At the moment, it is a case not of expecting to come forward with further exemptions, but of recognising that we need to respond quickly and flexibly—which is part of what I have proposed.

On the first part of the hon. Gentleman's question, I hope that I have already made it very clear that one of our purposes is to curb abuse by landlords.

Will my hon. Friend investigate the extent to which those claimants not covered by the exemptions—and this should be widely publicized — have, under the incentive of these new regulations, taken on work since their introduction?

If I understand my hon. Friend correctly, I confirm that that would be a significant factor to which I would wish to draw attention.

Is the Minister aware that to apply a time limit of two weeks to Workington is to treat Workington as some sort of holiday resort—a seaside town? Is he aware that that town has an unemployment rate of 20 per cent. and that it is an industrial town which does not have a tourist industry? Will he review that decision?

If the hon. Gentleman cares to make specific representations to me—and I shall take this as the start—I shall certainly consider that point.

Will the Minister stop crying crocodile tears, come clean and accept that this is a folly of gigantic proportions, which has already led to tragedy in one case? Is not this policy, which is designed to catch a few who might abuse the system, in fact discriminating against the majority? It is ill-thought out, unwarranted and should be scrapped.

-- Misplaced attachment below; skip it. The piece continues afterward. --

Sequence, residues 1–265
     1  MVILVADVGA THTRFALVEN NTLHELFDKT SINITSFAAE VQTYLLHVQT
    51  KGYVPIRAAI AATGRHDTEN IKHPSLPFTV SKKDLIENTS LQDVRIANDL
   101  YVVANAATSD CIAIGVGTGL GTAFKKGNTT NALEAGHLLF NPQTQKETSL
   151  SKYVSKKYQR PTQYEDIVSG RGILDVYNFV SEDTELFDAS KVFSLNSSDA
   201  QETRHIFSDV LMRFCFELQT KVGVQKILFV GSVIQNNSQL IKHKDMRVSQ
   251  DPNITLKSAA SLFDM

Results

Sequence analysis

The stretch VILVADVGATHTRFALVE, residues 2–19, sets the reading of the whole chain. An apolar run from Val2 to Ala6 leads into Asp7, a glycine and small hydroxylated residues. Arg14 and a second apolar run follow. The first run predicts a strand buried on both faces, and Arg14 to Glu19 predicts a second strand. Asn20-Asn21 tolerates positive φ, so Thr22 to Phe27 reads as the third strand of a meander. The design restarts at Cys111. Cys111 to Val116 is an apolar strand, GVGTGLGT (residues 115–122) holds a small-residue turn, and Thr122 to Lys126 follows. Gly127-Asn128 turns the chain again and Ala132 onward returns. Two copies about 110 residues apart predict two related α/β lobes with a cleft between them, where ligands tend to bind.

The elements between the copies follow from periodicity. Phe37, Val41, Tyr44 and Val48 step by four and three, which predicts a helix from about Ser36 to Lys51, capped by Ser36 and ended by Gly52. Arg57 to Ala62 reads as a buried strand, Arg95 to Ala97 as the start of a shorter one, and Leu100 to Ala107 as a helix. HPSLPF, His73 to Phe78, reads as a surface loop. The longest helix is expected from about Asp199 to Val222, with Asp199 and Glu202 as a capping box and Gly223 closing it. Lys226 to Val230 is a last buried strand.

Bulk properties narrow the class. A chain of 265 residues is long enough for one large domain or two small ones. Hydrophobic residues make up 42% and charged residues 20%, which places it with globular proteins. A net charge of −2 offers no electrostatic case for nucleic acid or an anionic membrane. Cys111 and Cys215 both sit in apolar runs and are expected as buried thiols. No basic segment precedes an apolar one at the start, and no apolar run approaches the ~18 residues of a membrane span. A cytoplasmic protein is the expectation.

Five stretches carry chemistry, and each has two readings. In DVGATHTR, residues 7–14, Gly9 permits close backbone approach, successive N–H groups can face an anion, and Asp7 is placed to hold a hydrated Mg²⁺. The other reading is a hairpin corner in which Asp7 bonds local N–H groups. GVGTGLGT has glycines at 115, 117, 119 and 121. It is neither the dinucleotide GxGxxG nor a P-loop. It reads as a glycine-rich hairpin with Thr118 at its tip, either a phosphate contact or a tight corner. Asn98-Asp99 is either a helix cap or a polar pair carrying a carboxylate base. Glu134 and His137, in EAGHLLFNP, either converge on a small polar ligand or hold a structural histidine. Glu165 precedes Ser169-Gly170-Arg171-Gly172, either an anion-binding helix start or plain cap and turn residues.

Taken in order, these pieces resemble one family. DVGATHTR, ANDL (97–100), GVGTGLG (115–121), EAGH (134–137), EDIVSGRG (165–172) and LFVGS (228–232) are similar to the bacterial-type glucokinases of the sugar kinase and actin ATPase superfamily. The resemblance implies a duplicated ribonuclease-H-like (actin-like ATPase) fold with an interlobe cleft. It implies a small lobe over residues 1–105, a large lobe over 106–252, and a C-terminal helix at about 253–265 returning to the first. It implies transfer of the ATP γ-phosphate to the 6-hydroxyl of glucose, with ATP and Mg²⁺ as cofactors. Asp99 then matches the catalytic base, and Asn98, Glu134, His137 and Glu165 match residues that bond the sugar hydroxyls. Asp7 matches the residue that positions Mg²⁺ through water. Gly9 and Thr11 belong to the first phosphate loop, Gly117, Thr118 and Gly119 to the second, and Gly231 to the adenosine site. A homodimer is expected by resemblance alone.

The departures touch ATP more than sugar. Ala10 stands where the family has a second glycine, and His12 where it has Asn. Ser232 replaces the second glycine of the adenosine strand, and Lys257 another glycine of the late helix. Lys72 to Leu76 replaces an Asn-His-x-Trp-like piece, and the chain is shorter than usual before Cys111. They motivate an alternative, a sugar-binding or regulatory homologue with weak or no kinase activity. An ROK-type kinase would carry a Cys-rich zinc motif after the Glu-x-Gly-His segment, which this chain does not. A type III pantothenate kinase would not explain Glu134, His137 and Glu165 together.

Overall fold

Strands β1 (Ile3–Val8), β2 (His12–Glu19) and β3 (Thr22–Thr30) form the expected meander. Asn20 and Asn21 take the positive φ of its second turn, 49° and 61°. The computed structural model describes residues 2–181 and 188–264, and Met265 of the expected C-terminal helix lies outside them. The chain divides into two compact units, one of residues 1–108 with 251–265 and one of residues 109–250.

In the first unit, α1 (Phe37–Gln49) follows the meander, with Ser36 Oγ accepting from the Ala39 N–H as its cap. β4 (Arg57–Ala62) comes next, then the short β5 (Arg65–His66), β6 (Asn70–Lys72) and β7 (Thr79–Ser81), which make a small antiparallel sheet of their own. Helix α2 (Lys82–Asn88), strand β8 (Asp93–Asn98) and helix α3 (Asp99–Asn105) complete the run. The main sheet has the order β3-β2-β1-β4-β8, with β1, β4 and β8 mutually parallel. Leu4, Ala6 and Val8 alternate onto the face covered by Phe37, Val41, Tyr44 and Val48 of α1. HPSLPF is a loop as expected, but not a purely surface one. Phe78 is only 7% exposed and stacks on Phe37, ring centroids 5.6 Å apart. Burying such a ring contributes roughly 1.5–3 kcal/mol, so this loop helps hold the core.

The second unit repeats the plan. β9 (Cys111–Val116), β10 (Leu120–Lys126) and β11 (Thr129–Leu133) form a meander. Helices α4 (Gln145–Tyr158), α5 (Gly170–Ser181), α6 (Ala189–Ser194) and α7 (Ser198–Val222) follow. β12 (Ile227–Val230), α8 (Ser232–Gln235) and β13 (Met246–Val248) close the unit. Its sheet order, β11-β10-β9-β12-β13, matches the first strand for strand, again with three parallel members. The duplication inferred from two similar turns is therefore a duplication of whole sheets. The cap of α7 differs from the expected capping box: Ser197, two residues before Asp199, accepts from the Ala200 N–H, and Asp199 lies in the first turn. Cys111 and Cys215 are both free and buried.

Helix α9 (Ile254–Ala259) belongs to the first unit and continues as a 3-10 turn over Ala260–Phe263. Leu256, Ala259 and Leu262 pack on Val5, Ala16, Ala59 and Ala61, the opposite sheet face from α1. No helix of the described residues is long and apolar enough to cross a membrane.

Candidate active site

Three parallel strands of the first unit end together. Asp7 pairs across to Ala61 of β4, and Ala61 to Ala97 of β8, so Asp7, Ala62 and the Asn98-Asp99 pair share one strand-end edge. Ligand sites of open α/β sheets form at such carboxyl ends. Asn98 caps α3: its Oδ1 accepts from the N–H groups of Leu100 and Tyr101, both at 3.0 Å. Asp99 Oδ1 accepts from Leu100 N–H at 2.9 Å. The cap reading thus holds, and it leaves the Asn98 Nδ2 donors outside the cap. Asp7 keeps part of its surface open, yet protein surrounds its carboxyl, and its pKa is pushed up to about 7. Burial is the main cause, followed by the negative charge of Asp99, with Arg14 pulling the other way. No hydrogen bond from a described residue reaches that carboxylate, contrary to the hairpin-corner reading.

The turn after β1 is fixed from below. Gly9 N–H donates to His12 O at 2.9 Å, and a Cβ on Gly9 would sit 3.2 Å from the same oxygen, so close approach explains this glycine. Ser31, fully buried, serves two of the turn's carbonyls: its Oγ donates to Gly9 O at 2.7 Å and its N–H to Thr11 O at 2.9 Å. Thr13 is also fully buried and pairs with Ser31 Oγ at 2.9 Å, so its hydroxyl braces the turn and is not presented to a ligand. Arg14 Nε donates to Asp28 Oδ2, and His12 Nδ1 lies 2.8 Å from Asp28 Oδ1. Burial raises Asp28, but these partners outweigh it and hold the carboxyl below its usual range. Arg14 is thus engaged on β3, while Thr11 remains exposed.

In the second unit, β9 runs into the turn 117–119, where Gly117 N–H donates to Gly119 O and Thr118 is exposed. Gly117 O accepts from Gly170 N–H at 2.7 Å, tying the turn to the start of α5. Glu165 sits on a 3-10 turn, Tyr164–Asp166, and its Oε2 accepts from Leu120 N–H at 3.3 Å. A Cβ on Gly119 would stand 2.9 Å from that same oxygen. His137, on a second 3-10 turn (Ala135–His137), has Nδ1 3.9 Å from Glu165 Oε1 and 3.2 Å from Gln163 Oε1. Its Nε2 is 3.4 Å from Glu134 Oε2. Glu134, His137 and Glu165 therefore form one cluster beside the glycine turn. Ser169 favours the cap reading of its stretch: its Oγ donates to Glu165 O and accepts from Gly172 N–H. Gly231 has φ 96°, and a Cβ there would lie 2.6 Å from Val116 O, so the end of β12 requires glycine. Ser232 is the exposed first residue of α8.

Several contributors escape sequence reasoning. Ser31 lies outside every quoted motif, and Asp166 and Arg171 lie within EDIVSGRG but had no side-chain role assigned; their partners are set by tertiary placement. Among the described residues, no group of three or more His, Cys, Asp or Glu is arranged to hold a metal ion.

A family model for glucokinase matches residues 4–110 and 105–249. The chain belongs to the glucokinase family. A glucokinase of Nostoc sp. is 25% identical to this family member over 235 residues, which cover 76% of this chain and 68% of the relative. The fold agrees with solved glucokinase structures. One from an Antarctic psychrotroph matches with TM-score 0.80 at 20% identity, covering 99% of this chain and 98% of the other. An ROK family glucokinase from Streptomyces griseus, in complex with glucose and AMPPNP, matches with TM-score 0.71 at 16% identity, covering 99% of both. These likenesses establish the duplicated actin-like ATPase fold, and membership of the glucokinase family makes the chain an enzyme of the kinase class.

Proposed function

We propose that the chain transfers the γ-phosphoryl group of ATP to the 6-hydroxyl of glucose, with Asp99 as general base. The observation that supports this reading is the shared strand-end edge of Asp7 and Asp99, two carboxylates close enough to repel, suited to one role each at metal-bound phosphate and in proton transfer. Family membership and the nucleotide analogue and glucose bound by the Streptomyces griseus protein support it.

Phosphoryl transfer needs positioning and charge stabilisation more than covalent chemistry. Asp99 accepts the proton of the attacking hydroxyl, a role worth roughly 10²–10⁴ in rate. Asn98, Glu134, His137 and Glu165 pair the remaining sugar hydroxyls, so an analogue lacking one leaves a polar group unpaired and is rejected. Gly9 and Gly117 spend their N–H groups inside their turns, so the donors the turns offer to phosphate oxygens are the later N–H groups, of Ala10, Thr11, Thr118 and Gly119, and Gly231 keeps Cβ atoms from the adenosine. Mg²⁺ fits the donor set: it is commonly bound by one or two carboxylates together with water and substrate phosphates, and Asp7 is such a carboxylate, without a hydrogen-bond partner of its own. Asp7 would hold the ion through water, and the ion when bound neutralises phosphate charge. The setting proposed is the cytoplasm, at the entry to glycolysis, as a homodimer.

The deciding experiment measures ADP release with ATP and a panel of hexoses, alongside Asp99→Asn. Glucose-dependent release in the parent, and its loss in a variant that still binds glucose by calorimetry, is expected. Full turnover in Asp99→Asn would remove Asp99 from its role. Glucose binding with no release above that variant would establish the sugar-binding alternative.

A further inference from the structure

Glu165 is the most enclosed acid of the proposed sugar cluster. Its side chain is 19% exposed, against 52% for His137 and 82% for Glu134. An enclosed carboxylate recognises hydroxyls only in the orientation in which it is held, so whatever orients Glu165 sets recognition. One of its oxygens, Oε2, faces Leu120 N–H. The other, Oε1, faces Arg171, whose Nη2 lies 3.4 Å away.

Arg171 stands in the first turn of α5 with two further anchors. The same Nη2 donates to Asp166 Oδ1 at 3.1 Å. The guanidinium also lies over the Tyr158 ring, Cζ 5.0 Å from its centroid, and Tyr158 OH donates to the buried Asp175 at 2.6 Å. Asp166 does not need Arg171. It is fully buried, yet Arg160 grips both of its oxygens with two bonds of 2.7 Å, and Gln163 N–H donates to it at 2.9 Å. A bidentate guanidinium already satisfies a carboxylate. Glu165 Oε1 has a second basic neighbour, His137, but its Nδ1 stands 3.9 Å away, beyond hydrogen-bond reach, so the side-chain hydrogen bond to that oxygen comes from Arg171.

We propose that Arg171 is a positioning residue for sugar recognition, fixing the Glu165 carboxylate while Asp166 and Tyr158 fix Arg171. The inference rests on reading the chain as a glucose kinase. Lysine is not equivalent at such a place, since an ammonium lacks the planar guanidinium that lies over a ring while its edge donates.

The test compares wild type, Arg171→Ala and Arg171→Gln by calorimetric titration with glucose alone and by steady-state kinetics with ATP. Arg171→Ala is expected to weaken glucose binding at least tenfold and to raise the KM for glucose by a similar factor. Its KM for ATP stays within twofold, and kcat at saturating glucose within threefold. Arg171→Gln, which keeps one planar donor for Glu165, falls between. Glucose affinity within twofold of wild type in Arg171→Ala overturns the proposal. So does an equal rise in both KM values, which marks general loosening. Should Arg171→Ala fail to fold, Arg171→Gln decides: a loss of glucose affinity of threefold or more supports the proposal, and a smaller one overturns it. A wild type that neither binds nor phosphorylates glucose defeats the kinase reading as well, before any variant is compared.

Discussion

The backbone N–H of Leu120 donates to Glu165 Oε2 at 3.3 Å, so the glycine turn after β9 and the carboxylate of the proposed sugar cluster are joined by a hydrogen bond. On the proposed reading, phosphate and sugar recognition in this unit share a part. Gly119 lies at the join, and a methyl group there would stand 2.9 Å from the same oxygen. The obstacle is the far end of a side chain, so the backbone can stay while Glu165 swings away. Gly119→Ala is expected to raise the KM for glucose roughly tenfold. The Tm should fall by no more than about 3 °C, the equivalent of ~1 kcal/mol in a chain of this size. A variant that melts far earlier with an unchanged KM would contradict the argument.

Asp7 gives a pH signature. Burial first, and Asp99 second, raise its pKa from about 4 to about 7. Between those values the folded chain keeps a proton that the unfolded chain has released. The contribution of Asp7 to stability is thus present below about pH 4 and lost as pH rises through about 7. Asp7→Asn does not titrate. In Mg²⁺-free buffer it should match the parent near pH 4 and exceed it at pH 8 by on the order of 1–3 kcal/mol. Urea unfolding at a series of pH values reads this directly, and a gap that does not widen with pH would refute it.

If there was a problem, to use the hon. Gentleman's phrase, of gigantic proportions, it was the escalation in board and lodging, which was creating social problems and, quite frankly, diverting resources within the social security system from the real cases of genuine need on which they should be spent.

Is the Minister aware that in my constituency it is not uncommon to pay between £50 and £70 a week for bed and breakfast and often to be expected to share with two, three or four other people for that money? Why has he turned these people into the scapegoats of a couple of editors of the Daily Express and the Daily Mail, who feel that it is more important to pursue them than to pursue people for such things as avoiding tax or fiddling expense accounts? Does he not listen to the voluntary groups, which tell him that these wicked regulations will force more people into crime, drug abuse, alcoholism and vagrancy?

I do not, of course, accept the hon. Gentleman's charges. The limits that have been imposed in the hon. Gentleman's area, as in others, are designed to strike a fair balance and, as I have now said on a number of occasions, to prevent the sort of exploitation about which he is rightly concerned.